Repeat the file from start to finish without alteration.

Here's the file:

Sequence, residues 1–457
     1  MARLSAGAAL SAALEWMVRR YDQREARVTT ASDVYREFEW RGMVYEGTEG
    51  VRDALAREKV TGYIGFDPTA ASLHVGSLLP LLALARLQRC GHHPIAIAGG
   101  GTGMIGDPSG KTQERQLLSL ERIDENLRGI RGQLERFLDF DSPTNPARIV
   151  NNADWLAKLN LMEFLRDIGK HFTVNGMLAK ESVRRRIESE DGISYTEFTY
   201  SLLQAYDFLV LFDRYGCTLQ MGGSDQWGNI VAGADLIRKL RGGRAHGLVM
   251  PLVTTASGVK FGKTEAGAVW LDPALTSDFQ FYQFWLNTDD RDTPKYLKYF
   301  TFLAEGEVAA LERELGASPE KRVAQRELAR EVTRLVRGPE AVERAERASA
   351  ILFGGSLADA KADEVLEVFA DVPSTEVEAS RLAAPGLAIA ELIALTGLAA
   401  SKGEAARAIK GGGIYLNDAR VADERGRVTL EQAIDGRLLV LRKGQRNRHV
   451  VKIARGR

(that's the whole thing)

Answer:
Sequence, residues 1–457
     1  MARLSAGAAL SAALEWMVRR YDQREARVTT ASDVYREFEW RGMVYEGTEG
    51  VRDALAREKV TGYIGFDPTA ASLHVGSLLP LLALARLQRC GHHPIAIAGG
   101  GTGMIGDPSG KTQERQLLSL ERIDENLRGI RGQLERFLDF DSPTNPARIV
   151  NNADWLAKLN LMEFLRDIGK HFTVNGMLAK ESVRRRIESE DGISYTEFTY
   201  SLLQAYDFLV LFDRYGCTLQ MGGSDQWGNI VAGADLIRKL RGGRAHGLVM
   251  PLVTTASGVK FGKTEAGAVW LDPALTSDFQ FYQFWLNTDD RDTPKYLKYF
   301  TFLAEGEVAA LERELGASPE KRVAQRELAR EVTRLVRGPE AVERAERASA
   351  ILFGGSLADA KADEVLEVFA DVPSTEVEAS RLAAPGLAIA ELIALTGLAA
   401  SKGEAARAIK GGGIYLNDAR VADERGRVTL EQAIDGRLLV LRKGQRNRHV
   451  VKIARGR